The Herald of Everett, Washington
HeraldNet on Facebook HeraldNet on Twitter HeraldNet RSS feeds HeraldNet Pinterest HeraldNet Google Plus HeraldNet Youtube
HeraldNet Newsletters  Newsletters: Sign up | Manage  Green editions icon Green editions

Calendar


Weekend to-do list
HeraldNet Newsletter Delivered to your inbox each week.
Published: Wednesday, September 18, 2013, 12:01 a.m.

Grilled vegetables enhance flavor of ratatouille salad

  • Grilled ratatouille salad is just a big vegetable stew.

    Matthew Mead / Associated Press

    Grilled ratatouille salad is just a big vegetable stew.

Real ratatouille, the classic Nicoise dish, is neither grilled, nor a salad. It is a stewed vegetable dish consisting of eggplant, tomato, pepper, zucchini, onion and herbs.
Thing is, all of those ingredients would make a delicious salad, particularly if they were grilled.
Of course the dish needed to be deconstructed and reconstructed a bit, but the flavors and ingredients remain the same. In fact, the smokiness and char that the grill adds makes for a nice contrast to the sweet vegetables.
Grilled ratatouille salad
2 small eggplants, halved lengthwise
Olive oil
2 cloves garlic, minced, divided
Salt and ground black pepper
1 large red onion, cut into 1/2-inch-thick slices
2 medium zucchini, halved lengthwise
1 pint cherry or grape tomatoes
1 tablespoon balsamic glaze
1 tablespoon herbes de Provence
Pinch red pepper flakes
1 red bell pepper
4 ounces goat cheese, crumbled
Heat the grill to medium-high.
Using a paring knife, slice shallow slits into the cut sides of the eggplant halves. Drizzle the eggplants with olive oil, then rub half of the garlic and a sprinkle of salt and black pepper into the flesh. Brush the onion slices and the zucchini halves with a little more olive oil and sprinkle them with salt and pepper.
Fold a large sheet of heavy duty foil into thirds the long way. Open the foil. Place the tomatoes in the middle third of the foil, then drizzle them with the balsamic glaze and 1 tablespoon olive oil. Sprinkle with the herbes de Provence, the remaining garlic, and the red pepper flakes. Stir gently to combine. Fold the foil closed, crimping the ends to make a packet.
Grill the eggplant, onion slices, zucchini halves, tomato packet, and red bell pepper (left whole) for 7 to 10 minutes, or until the vegetables are charred and tender, and the tomatoes are juicy.
Place the red pepper in a brown paper bag and crimp the top closed. Set aside.
Dice the eggplant, onion and zucchini and place in a large bowl. When the pepper cools slightly, rub the charred skin away, using the paper bag to assist. Cut the pepper into strips, discarding the core, and add to the other vegetables. Pour the tomatoes and their juices over the vegetables and sprinkle with the goat cheese.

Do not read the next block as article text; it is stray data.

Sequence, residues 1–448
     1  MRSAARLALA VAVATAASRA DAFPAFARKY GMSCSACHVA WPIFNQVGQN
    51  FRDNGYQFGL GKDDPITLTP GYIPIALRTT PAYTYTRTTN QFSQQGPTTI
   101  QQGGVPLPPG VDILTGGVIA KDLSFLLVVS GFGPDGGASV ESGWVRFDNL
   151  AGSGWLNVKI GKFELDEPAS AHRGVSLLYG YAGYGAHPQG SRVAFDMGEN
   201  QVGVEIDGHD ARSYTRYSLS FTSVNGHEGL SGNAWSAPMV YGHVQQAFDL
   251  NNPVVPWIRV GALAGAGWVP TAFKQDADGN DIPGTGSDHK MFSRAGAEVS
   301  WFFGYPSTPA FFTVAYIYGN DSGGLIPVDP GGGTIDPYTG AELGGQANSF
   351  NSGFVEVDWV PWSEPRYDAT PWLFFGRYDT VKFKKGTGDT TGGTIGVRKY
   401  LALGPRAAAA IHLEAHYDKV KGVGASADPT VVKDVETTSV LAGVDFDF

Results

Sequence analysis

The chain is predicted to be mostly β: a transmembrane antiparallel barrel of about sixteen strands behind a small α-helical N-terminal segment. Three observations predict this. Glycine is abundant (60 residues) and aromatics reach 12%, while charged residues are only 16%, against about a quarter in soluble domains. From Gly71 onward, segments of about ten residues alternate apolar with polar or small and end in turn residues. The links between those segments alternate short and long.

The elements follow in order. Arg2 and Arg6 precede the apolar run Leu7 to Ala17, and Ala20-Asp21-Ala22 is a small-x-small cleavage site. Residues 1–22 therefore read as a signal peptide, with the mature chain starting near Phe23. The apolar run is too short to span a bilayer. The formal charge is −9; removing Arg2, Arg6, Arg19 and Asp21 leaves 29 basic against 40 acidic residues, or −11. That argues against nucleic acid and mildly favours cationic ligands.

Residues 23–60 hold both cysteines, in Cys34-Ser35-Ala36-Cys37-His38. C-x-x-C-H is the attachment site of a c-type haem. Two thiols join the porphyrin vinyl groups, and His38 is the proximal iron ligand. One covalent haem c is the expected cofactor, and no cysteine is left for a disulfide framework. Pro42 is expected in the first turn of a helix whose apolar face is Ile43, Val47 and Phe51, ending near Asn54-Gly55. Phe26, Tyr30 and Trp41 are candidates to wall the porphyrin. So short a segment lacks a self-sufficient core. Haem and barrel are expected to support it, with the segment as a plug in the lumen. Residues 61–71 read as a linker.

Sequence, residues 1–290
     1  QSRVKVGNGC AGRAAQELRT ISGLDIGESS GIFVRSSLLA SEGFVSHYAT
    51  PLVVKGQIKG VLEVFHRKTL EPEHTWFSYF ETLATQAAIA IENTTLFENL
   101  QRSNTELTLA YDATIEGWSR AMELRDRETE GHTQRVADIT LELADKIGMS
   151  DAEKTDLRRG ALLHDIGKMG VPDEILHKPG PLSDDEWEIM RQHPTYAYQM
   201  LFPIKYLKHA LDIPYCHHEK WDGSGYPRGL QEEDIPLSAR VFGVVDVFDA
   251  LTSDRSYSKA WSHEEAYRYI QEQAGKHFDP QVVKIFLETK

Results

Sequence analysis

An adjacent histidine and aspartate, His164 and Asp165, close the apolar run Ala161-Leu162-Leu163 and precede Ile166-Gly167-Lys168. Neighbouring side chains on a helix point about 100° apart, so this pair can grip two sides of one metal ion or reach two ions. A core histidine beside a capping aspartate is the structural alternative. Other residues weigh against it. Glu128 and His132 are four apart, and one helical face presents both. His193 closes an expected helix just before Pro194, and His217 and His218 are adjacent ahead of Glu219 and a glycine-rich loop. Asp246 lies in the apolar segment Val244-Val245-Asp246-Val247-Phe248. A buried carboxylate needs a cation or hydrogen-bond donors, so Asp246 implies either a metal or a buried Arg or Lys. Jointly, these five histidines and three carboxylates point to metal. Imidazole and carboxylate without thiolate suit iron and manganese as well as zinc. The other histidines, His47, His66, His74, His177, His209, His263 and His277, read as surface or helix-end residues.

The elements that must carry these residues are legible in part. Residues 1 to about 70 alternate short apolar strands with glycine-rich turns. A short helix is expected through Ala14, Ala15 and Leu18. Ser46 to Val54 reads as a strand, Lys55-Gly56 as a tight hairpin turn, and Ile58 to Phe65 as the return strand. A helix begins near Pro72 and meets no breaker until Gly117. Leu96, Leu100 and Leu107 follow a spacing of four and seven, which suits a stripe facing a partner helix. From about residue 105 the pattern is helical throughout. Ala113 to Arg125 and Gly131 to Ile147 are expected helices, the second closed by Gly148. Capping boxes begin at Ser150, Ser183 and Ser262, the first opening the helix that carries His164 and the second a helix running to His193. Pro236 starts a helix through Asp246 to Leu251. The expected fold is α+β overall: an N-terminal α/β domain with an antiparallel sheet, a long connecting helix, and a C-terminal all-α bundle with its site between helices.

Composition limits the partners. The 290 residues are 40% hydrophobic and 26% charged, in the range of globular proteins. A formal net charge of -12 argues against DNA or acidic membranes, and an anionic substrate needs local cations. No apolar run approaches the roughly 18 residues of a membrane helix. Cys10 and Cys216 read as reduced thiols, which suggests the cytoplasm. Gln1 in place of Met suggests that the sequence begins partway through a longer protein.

Serve warm or at room temperature.
Makes 8 servings. Per serving: 160 calories; 90 calories from fat (56 percent of total calories); 10 g fat (3 g saturated; 0 g trans fats); 5 mg cholesterol; 15 g carbohydrate; 6 g fiber; 7 g sugar; 5 g protein; 300 mg sodium.
Story tags » FoodCooking

Share your comments: Log in using your HeraldNet account or your Facebook, Twitter or Disqus profile. Comments that violate the rules are subject to removal. Please see our terms of use. Please note that you must verify your email address for your comments to appear.

You are logged in using your HeraldNet ID. Click here to update your profile. | Log out.

Our new comment system is not supported in IE 7. Please upgrade your browser here.

comments powered by Disqus
digital subscription promo

Subscribe now

Unlimited digital access starting at 99 cents, or included with any print subscription.

loading...

HeraldNet highlights

Wolf population growing
Wolf population growing: Chief concern about more wolves: Livestock attacks
Richard Sherman 2.0
Richard Sherman 2.0: Seahawks' star cornerback is equally effective with less bravado
Playing with all they have
Playing with all they have: Highland Christian girls compete, inspire with just 5 players
$800K in scholarships, so far
$800K in scholarships, so far: Monroe High's Chloe Cook expects she’ll still need a job
SnoCoSocial